We Are Your Favourite Sweets Stop.
A story that began two centuries ago, is ready for its new chapter. Ghantewala Sweets- bringing the sweet taste of traditions and happiness to every celebration and continuing to live up to the legacy that is still making history today. Started in 1790 by Lala Sukh Lal Jain, the history for its name, ‘Ghantewala’ is woven with three different stories with one of them being from the days when the founder used to walk the streets, going house to house selling his sweets with a bell in his hands to attract attention. As the time passed, he grew popular and people started to know him by the name of ‘Ghantewala’, and later on establishing a shop and naming it ‘Ghantewala’.
Another story descending down from the courts of the Mughal Emperor- Shah Alam II. The Emperor asked his servants to get him sweets from the ‘ghante ke neeche wali dukaan’ (shop below the bell), which in time got shortened to the name ‘Ghantewala’. During those days the area was sparsely populated and the Emperor who used to live in the Red Fort could hear the toll of the bell for the school which was located near the shop. The last one also belonging from the Mughal Era, the elephants who had a bell tied around its neck used to walk down the street, stop and move its neck in such a way resulting in the bell ringing in front of the sweet shop, and hence the shop started to be known as ‘Ghantewala’. “He knew how to make sweets and always used the finest of ingredients,” says Sohail Hashmi, a writer and documentary filmmaker who conducts heritage walks in the city. Being already famous before the 1857 rebellion, the newspaper ‘Dihli Urdu Akhbar’ reported how the sweet delicacies of the shop softened the rebels from different regions, making them lose all their urges to fight.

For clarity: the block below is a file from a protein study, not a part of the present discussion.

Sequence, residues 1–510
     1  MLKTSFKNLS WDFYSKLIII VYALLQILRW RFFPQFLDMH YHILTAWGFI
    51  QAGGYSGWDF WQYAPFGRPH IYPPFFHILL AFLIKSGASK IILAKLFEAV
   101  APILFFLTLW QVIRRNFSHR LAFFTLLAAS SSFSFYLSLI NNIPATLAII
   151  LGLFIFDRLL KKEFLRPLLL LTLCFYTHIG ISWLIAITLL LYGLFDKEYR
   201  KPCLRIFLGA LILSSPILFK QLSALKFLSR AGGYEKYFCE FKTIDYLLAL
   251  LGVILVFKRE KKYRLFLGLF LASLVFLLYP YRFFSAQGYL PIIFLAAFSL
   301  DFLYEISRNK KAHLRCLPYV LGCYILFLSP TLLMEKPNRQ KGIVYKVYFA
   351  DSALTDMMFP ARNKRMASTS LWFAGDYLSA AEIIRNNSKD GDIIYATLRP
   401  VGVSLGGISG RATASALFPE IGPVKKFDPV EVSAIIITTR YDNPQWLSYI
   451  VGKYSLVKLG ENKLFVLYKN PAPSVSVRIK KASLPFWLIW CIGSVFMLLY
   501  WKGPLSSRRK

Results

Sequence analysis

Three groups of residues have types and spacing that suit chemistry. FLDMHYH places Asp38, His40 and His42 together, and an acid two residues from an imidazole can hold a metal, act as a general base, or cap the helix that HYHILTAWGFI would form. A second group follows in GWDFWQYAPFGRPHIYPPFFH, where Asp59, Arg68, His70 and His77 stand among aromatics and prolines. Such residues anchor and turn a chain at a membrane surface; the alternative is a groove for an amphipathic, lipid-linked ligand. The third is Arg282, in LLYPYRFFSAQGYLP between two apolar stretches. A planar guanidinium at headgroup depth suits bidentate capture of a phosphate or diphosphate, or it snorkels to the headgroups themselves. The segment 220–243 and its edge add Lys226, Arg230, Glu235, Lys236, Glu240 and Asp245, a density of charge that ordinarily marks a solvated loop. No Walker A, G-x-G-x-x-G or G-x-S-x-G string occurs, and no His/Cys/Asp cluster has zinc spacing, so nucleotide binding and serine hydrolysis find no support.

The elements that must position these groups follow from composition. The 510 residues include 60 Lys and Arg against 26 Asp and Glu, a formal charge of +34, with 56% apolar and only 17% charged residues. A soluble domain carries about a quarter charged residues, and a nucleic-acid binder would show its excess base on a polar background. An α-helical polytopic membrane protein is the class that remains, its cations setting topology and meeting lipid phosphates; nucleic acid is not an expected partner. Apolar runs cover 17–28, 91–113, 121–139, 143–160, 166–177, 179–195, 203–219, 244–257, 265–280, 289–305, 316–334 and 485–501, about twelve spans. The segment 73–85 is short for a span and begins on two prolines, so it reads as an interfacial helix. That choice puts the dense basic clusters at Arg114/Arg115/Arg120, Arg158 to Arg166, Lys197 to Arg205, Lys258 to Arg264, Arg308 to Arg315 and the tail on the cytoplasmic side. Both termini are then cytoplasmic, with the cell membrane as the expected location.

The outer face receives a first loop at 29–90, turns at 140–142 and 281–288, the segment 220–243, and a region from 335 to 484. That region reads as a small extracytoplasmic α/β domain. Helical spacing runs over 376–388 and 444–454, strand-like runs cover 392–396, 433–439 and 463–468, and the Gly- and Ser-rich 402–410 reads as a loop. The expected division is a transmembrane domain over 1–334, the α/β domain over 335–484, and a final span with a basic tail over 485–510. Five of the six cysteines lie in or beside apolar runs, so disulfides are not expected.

Known for its ‘Sohan Halwa’, a delicacy savored by patrons from as far away as the Gulf. Pista Burfi and perennial favorites like ‘motichoor ki ladoo’, Kalakand, Karachi halwa and snacks like makkan choora were also popular among the patrons.
But in the year 2015, the centuries old endeavor had to come to a halt, the current owner and the scion of the Jain Family had to make a “tough decision” to shut down the shop.
“We’ve served sweets to generations of the Nehru-Gandhi family. Jawaharlal Nehru and Indira Gandhi [both prime ministers] bought sweets from my grandfather. My father supplied sweets to [former PM] Rajiv Gandhi and I supplied sweets at [his daughter] Priyanka Gandhi’s wedding,” as quoted by the owner, Sushant Jain.
As written by BBC in its article, “Today, however, the customers are all gone and the once thriving shop wears a deserted look”, the family of Ghantewala is back to rewrite the history, to cater back to the bustling crowds, to evoke back the lost piece of history and summon nostalgia of the royal Mughal Era.